Princeton to Test Drive ‘Social Justice’ Training Program

39 students selected to discuss 'issues of identity, power privilege, and difference'

Princeton

Princeton / Wikimedia Commons

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Princeton University will test drive its new "social justice" training pre-orientation program this September, with 39 freshmen selected to discuss "issues of identity, power privilege, and difference" during a five-day retreat.

The program Dialogue and Difference in Action (DDA) will have upperclassmen and university staff "lead small-group discussion sessions and full group interactive exercises designed to help participants explore their own identities and contend with the challenges posed by the pervasive influence of racism, sexism, homophobia."

"Through self-reflection and dialogue, students will develop competencies and perspectives crucial to the creation of an inclusive campus climate," according to the program description.

Princeton's Women*s Center, LGBT Center, and the Carl A. Fields Center for Equality and Cultural Understanding will all be involved in running the program and training the student group leaders, according to the Daily Princetonian.

LaTanya Buck, the dean for diversity and inclusion, was instrumental in DDA's development. She was hired last year after a special task force on diversity, equity, and inclusion recommended Princeton find a "senior administrator to focus on educating and engaging the entire student body around difference and identity."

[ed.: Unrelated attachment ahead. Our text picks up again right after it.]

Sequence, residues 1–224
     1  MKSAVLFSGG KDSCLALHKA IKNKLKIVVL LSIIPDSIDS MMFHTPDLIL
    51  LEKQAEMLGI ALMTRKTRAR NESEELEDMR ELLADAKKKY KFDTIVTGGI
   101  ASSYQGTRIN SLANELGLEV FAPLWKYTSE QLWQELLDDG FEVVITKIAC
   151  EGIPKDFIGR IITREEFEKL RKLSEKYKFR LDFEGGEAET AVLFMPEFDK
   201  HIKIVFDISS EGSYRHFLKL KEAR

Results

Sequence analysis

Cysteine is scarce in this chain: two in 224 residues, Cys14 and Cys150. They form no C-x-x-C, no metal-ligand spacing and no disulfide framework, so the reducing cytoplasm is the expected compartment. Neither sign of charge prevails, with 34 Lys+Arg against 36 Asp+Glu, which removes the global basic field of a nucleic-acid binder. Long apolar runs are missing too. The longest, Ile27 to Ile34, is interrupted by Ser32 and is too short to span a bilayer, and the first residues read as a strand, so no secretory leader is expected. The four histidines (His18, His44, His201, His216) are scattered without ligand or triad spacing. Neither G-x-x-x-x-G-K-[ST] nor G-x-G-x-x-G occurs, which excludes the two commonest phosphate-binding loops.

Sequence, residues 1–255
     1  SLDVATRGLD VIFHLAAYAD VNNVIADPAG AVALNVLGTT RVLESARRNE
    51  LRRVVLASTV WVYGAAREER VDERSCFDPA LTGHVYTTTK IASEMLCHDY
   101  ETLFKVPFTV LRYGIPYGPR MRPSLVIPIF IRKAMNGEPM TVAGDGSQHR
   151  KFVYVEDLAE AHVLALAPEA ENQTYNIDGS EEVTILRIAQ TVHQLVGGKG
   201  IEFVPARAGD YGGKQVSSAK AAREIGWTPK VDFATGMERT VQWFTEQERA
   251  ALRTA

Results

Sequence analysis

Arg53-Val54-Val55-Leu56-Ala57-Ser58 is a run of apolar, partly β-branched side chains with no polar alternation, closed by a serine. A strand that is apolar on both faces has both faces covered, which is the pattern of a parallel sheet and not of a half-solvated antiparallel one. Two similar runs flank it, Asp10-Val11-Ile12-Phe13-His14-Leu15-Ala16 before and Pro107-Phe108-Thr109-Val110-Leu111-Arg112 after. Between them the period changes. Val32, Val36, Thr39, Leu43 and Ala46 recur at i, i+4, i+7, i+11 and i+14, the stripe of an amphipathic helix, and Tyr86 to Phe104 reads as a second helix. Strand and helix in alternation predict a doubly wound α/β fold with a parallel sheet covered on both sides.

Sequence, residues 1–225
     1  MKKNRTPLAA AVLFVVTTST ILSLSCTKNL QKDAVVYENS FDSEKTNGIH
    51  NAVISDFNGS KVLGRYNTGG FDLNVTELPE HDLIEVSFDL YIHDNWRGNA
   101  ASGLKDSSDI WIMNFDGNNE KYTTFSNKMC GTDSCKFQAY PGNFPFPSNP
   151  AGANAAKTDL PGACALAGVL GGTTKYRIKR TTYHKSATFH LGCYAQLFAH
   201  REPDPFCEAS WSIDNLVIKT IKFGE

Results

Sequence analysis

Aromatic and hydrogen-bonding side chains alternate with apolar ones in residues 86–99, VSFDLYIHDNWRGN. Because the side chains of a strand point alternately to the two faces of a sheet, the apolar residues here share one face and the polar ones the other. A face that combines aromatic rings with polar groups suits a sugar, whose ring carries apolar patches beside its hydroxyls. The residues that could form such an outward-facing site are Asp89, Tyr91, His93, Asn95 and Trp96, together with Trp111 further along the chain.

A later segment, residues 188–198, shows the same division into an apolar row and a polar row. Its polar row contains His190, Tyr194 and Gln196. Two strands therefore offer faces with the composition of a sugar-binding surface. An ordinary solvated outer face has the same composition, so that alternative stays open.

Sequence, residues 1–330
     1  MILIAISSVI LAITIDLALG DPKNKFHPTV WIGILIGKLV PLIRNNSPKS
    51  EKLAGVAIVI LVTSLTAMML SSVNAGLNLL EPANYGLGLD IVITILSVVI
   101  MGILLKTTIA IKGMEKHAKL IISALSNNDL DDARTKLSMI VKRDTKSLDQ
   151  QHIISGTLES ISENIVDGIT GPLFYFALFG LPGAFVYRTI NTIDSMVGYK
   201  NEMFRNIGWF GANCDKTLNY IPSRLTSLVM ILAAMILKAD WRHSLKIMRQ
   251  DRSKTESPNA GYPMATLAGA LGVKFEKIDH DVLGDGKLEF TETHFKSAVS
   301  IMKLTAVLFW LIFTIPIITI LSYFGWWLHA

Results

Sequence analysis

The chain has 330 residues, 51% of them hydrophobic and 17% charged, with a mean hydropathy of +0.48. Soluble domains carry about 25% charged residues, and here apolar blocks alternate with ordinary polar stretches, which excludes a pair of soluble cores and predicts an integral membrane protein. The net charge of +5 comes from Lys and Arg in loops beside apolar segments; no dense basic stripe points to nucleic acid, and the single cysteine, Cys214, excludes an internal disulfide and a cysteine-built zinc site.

Buck directed questions about what activities or materials the program will utilize to university spokesman Daniel Day, who wrote in an email to the Washington Free Beacon, "Students will engage in peer-facilitated small group discussions, full group presentations and self-reflective activities such as journaling on a variety of topics, including political dynamics and social justice movements. As they do in other orientation programs, students will share stories about themselves and get to know their new classmates."

DDA will take place at the Garrison Institute in New York, a renovated Capuchin monastery currently used to host seminars "exploring the wisdom, values and insight gained through contemplative practices to catalyze personal and social transformation."

DDA is one of four "small-group experience[s]" that serve as friendship-building exercises for incoming Princeton freshman. Each student participates in only one of the programs, with other options being a service or camping trip, and a unit exclusive to student-athletes.

Stephen Chao, who will serve as one of DDA's student leaders, told the student paper he believes his program "will be even more effective at [bonding students] because it deliberately focuses on issues of identity and social justice on campus."

The program will be evaluated after this year's pilot session.

Rachel Frommer

Rachel Frommer   Email | Full Bio | RSS
Rachel Frommer is a staff writer with the Washington Free Beacon reporting on campus issues, including anti-free speech and anti-Israel activity. Prior to the Free Beacon, she was the senior campus correspondent at The Algemeiner. Her work has been picked up by Fox News, Newsweek, and the New York Post. She graduated from Touro College in 2016 with a BA in English literature. Her Twitter handle is @Rachel_Frommer, and her email address is frommer@freebeacon.com.

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